Source: Star-News (Wilmington, NC), February 16, 2014
Posted on: http://envfpn.advisen.com
For most people, sand mining is an invisible step in the construction process. The mining is typically tucked away in industrial corridors, and the sand is used in construction projects long before the first viewing of a building takes shape, keeping sand mines out of sight and out of mind.
But as the need for sand in local construction projects increases and suitable land grows scarce, concerns over sand mining are creeping into the limelight.
The most recent sand mine request in New Hanover County, by Hilton Properties Limited Partnership, would rezone 62 acres at 4117 Castle Hayne Road from rural agricultural to heavy industrial use to create a sand mine.
Concerns about groundwater contamination, traffic and noise and questions over site contamination from the neighboring General Electric plant dominated a recent public hearing on this proposed sand mine.
While this request garnered an unusual amount of outrage from the project’s neighbors, it is far from a unique setup in New Hanover.
About 30 sand mining sites have been approved in the county by the N.C. Department of Environment and Natural Resources in the past 50 years, with 10 of these considered active sand mines. And this could just be the tip of the iceberg. There could be far more unlisted operational sand mines located throughout the county, thanks to loopholes in NCDENR’s rules.
Sand is often used to make concrete and as an abrasive for manufacturing. Construction projects spanning from residential to commercial require the use of sand for materials, as well as to level off the land prior to building.
Of the 30 mines that have been approved by NCDENR in New Hanover, seven of them span more than 50 acres like the proposed Castle Hayne mine. The most expansive project was 361 acres, and the smallest was two acres.
The major difference between the proposed project and the existing mines is its proximity to homes. Though located more than one mile away from the actual mining site, the Wooden Shoe neighborhood backs up to the private road that would be used to transport the sand off the Hilton Limited property.
Most of the existing sand mines and those currently operating have been located in industrial corridors in the county, like those along U.S. 421, so no other residential neighborhoods have dealt with similar issues.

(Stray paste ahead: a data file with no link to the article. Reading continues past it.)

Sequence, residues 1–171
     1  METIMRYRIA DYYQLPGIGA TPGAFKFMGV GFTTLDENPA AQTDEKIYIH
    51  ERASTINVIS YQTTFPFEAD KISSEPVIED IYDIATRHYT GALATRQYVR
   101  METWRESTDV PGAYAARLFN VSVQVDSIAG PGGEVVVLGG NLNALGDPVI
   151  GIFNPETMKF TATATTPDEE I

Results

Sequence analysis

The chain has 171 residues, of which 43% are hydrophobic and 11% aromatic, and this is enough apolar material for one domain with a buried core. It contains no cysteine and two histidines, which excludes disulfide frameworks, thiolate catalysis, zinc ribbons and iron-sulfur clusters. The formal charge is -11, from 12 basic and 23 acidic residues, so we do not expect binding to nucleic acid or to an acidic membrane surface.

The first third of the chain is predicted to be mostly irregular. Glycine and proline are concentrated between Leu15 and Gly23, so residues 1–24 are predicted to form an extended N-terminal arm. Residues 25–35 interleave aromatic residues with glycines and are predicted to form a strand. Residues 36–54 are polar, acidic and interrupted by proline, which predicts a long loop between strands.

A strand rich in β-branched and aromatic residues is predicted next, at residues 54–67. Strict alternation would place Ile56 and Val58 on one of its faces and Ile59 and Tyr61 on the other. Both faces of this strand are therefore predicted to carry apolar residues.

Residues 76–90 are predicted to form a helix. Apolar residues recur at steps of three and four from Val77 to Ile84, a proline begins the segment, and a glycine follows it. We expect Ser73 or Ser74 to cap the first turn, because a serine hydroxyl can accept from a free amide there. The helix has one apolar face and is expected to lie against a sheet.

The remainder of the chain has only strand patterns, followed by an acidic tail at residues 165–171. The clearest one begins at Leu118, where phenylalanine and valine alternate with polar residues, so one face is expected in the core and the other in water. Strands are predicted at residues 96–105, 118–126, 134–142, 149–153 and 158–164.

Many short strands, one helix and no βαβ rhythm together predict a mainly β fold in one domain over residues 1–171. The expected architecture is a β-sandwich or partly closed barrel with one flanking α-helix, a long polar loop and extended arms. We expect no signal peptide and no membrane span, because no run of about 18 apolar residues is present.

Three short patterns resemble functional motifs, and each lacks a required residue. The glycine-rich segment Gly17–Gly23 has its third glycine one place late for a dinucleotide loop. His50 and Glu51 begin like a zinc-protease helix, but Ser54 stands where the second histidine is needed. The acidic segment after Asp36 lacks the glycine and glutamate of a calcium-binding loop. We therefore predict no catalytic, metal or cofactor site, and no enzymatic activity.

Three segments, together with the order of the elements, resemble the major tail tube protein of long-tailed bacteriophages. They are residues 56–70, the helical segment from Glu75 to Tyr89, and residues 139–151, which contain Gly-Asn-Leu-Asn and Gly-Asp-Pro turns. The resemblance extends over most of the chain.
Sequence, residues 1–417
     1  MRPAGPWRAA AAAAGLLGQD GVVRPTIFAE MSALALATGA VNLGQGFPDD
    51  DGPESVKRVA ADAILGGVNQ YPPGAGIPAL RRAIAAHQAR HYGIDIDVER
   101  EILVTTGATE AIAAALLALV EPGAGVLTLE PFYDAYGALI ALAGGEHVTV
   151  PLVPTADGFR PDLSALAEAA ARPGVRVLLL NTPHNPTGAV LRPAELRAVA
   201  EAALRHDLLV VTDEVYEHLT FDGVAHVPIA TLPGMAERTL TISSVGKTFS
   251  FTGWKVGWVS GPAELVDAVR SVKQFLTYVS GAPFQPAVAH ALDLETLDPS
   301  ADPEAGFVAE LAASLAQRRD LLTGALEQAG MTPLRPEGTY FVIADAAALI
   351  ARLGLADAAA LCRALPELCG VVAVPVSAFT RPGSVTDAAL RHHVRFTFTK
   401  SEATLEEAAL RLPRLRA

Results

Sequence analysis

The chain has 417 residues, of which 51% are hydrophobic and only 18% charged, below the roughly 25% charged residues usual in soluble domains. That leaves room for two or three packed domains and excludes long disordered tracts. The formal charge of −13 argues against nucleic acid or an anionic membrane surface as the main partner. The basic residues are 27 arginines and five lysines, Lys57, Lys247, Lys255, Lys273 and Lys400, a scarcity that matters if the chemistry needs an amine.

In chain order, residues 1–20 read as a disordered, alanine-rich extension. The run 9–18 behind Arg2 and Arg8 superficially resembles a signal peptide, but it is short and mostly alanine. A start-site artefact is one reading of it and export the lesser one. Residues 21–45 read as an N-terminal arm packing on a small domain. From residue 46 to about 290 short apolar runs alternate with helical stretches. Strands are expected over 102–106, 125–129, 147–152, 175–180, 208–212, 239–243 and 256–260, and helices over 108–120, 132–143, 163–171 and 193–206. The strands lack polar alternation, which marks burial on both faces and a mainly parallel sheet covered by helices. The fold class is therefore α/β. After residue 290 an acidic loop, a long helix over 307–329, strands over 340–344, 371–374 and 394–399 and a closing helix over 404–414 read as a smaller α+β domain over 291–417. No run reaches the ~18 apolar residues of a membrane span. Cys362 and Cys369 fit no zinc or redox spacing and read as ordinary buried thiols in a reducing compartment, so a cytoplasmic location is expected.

Defining the mines
At least two different types of sand mines are found in New Hanover County.
The most common type is the open pit method, like the one proposed by Hilton Limited. The S.T. Wooten Corporation also operates one off Sutton Lake Road.
Chris Croom, the division manager of quality control and materials, said the process is “pretty simple.” An excavator is used to dig the sand in the mine. The sand collected is then hauled off site to be used in construction materials.
In the case of the Sutton Lake Road Pit, the sand is used for S.T. Wooten’s asphalt plant, Croom said.
Another mine, the Sutton Pit operated by Wilmington Materials, uses a different method. Byron Williams, operations manager, said his company uses a “barge that sucks the sand up,” rather than digging into the mine.
Most of the sand from the Sutton Pit is collected and used locally for highway and bypass construction, Williams said. It is considered a commercial mine because more than one source uses sand from the site.
According to the mineral commodity summary conducted by the U.S. Geological Survey in January 2013, the most recent report available, construction sand and gravel in the country were valued at $6.4 billion and produced by an estimated 4,000 companies and government agencies. The majority of this sand was used for road stabilization, in concrete and in asphalt.
The report showed that construction sand and gravel output for 2012 increased by about 5 percent compared with 2011. It forecast an 8 percent increase in 2013 across the United States as the economy continued to improve.
New Hanover County has also seen a steady construction growth rate over the past few years. More than 2,300 building permits were issued during the 2012-2013 fiscal year, a 23 percent increase over the previous year, This trend is likely to continue as the number of building permits issued this fiscal year is already greater than at this same point last budget cycle, according to county records.
Strong demand, tight supply
The county has struggled to have enough local sand sources to keep up with the growth in local construction.
James Walker, the vice president of Elite Construction and Grading Inc. and manager of several sand mines, said the cost of sand in a local commercial sand mine sits at about $5.50 per cubic yard of sand, plus the cost to haul it. He said it used to be about $3 when sources were more plentiful in the mid-2000s.